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Ga. state senator's wife faces deportation

Georgia State Sen. Curt Thompson's Colombia-born wife is in hiding as federal immigration officials try to deport her.
/ Source: The Associated Press

State Sen. Curt Thompson has been a strong advocate of immigration rights, once speaking in Spanish from the steps of the Georgia Capitol against the adoption of some of the nation’s strictest immigration controls.

Now Thompson’s Colombia-born wife is in hiding as federal immigration officials try to deport her.

Sascha Herrera, 28, has been in hiding since Immigration and Customs Enforcement officers arrived at her home Nov. 28 with an order to remove her from the U.S. She was not home at the time.

Her attorney, Charles Kuck, claims she was duped by a man handling her immigration requests and that she never received the immigration notices that triggered her deportation order. While Kuck says neither he nor her husband know where Herrera is, he said that she will turn herself in Tuesday.

“It’s the right thing to do. She needs to get the law to work for her,” Kuck said.

Unknown asylum application?
Kuck filed a petition Monday to halt her deportation order and reopen her case, arguing that a man filed an asylum petition on her behalf without her knowledge and before her husband sponsored her green card application based on their April marriage.

The deportation order stems from Herrera’s repeated failure to appear before a judge on the asylum application, which Kuck said she did not know had been filed.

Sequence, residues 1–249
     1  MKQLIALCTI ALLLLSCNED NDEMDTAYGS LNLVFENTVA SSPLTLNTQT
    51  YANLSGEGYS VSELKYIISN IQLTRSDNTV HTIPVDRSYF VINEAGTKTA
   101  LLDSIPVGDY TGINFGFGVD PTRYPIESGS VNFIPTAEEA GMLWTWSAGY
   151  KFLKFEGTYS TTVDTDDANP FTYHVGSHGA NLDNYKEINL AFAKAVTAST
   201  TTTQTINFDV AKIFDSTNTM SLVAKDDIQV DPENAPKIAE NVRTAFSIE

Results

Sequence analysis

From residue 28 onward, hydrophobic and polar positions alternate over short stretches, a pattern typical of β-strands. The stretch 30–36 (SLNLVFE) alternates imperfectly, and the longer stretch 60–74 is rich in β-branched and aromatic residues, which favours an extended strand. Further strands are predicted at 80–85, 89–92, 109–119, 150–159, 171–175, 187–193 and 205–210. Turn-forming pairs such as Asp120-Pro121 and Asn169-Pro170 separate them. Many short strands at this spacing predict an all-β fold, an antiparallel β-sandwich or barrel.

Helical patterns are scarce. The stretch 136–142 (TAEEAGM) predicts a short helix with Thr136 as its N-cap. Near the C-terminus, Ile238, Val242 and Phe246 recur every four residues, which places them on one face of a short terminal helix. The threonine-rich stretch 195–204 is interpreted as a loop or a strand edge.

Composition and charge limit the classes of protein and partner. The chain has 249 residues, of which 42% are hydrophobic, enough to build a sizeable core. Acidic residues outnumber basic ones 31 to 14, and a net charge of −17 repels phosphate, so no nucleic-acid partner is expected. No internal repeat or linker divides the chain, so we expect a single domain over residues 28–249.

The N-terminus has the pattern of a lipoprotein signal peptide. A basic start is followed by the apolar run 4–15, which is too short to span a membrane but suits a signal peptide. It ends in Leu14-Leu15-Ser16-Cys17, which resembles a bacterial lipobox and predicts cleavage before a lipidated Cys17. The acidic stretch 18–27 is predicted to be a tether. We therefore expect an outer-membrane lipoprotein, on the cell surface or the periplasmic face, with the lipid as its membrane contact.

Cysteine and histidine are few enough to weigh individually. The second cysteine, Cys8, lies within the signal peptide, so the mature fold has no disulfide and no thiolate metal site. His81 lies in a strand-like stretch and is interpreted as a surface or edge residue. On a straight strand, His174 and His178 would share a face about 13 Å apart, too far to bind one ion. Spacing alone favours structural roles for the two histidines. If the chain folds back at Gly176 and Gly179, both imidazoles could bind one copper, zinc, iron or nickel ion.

The case hinges on whether Herrera received a notice to appear in court, and whether the asylum application could have been filed without her knowledge, said Victor Cerda, former general counsel for Immigration and Customs Enforcement.

According to Kuck, Herrera came to the U.S. — where her parents have been living — on a visitor visa in 2003. She applied for an extension to the visa through a “notario” — a man who claimed he was qualified to handle legal immigration matters — but did not get it until 20 days before the extension was due to expire.

The notario then suggested an asylum application, which Herrera signed, but she got a “bad vibe” from the man and decided not to proceed, Kuck said.

Later in 2004, she was accepted as a student at Kennesaw State University, which got a student visa for her. She then told the notario she did not want anything to do with him.

Request for stay could be in jeopardy
She met Thompson last year and they got married in April, when he applied for her to become a permanent resident. Kuck said Herrera’s husband, a Democrat and attorney, would not comment on the case.

But in the meantime, the notario filed the asylum application, listing his address as hers. A telephone number listed for the notario, identified as Tomas Vilela, was being answered Monday by a fax machine.

Cerda said the deportation order in the asylum case would trump any pending green card application and trigger mandatory detention.

Her decision to hide could hurt her request for a judge’s stay on deportation, Cerda said. If she turns herself in, she could remain in the U.S. while her petition is pending, either in jail or released on bond.